He is made uncomfortable by profanity.
He speaks constantly of virtue and vice, sin and salvation, rapture, redemption and righteousness.
He forgives wrongdoers theatrically, making the sign of the cross and murmuring te absolvos.
Those offenders he does not forgive he tortures with parables and lyrical speeches on the majesty of burning.
He has strong opinions about Nebuchadnezzar II.
He has even stronger opinions about Sennacherib.
He has been heard whispering “a Christian pig, a most Christian pig” to pork chops at his local supermarket.
He reenacts the Battle of Lepanto in public baths.
He reads First Things once a month, Augustine’s Confessions once a year and the Summa Theologica when he is in the mood for self-flagellation.
He daily calls down fire by which the prophets of Baal are consumed.
He makes his hamsters saints and his guineapigs flames of fire.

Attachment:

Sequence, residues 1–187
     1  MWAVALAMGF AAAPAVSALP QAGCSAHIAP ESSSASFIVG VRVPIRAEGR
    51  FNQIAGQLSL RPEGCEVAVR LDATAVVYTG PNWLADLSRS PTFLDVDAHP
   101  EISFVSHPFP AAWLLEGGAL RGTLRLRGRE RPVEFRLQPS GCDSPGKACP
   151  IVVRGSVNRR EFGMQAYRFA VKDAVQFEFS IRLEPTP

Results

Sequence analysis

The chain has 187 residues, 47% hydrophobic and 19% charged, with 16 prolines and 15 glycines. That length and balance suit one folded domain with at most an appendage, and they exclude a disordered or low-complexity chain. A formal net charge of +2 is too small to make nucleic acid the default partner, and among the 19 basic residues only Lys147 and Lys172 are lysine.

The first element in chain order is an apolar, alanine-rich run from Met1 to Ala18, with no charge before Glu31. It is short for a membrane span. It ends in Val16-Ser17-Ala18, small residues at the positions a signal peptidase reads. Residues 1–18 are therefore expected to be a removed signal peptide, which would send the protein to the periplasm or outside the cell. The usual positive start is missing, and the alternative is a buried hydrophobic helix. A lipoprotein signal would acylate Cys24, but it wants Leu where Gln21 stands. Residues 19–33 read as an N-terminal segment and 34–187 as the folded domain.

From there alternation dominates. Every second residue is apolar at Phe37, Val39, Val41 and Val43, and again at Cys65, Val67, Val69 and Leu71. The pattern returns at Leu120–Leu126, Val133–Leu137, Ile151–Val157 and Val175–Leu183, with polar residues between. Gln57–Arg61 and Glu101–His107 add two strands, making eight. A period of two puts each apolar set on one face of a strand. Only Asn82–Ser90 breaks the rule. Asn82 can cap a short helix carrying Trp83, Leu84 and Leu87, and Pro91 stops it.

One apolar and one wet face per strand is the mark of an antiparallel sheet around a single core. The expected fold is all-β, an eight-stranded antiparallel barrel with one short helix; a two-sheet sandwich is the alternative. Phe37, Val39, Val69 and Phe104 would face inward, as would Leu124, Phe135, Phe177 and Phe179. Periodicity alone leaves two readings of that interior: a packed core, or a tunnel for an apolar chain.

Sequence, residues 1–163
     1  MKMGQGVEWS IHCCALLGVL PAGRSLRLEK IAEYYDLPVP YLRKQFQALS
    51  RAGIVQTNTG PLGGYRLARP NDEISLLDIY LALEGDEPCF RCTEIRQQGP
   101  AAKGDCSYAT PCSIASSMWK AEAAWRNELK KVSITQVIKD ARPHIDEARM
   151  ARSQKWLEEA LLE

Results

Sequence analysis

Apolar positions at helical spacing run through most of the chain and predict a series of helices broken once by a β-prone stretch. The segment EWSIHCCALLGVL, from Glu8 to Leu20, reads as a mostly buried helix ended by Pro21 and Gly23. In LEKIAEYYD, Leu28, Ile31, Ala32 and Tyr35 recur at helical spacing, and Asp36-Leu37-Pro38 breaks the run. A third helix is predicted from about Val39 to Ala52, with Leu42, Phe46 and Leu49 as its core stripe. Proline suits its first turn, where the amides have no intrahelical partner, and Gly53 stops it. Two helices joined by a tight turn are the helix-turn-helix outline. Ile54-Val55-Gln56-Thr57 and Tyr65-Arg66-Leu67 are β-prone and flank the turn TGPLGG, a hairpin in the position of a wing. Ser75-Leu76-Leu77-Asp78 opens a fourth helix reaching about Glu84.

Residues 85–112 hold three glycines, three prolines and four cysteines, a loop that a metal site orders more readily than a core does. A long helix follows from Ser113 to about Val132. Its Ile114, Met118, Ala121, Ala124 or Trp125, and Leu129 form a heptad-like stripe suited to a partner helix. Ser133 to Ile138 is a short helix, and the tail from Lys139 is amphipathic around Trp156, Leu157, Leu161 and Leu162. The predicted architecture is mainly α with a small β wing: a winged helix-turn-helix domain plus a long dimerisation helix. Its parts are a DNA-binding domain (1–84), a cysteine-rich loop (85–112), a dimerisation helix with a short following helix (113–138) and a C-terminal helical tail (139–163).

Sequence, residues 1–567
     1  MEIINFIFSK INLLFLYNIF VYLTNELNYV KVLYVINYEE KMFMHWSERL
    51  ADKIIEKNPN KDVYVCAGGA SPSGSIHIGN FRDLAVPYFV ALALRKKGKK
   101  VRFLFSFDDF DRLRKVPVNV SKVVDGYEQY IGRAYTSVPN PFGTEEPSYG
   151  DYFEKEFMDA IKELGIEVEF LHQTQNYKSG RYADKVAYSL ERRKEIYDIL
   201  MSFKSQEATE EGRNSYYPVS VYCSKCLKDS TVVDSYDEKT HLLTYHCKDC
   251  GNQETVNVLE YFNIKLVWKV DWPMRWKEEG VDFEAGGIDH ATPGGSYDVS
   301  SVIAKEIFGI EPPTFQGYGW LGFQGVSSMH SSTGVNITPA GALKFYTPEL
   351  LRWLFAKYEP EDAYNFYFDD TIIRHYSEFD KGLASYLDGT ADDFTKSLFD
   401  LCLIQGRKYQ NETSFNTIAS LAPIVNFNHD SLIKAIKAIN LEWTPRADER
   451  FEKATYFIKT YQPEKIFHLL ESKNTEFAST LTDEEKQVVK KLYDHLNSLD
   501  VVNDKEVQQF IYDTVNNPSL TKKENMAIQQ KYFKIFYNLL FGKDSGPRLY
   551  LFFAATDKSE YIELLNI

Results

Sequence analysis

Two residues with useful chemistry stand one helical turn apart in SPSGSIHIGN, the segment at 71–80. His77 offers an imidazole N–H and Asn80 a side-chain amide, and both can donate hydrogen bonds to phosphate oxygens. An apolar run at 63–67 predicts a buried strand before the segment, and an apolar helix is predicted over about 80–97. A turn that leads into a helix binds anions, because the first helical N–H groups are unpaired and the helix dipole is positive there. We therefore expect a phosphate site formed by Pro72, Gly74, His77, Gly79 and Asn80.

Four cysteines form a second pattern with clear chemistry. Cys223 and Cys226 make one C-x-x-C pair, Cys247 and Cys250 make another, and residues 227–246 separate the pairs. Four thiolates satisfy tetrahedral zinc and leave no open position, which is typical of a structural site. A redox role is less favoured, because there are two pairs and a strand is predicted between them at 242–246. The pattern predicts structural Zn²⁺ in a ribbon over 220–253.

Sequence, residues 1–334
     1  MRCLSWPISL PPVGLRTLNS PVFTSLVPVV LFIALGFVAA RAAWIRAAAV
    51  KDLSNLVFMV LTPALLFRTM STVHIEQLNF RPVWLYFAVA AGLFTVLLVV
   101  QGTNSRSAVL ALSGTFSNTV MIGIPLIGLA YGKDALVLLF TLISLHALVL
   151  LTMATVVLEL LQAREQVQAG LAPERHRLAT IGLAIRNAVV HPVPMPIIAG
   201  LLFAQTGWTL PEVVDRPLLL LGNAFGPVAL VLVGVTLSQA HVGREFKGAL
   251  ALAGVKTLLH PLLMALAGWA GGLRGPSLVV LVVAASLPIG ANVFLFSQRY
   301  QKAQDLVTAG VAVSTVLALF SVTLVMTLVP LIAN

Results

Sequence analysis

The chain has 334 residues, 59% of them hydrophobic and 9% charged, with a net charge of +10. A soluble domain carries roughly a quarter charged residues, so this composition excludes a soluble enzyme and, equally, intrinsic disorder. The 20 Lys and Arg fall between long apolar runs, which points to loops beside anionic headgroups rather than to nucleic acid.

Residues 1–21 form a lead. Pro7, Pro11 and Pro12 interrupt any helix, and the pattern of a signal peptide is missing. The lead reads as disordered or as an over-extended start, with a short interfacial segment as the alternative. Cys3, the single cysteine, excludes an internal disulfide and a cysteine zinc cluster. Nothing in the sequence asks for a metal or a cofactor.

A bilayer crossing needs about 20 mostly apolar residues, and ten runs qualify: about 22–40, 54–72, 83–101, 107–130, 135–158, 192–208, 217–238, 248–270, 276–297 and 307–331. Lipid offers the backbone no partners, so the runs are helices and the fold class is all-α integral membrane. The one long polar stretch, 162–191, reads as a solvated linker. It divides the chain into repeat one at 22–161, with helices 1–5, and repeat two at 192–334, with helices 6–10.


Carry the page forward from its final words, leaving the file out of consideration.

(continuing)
His moral compass points him toward Jerusalem and Rome.
He has read the Book of Malachi.
Although he prefers being a spectator at beheadings, he retains his fondness for self-sacrifice.
He is moved to violent passion by El Greco’s work.
It took a dose of benzodiazepines to stop him dreaming about Reinhold Niebuhr.
He rings his friends round with circles of piety.
He would willingly drown in the Jordan or the Euphrates. He learned to swim in the Sea of Galilee.
He remembers Zion even when he is not by Babylon’s rivers.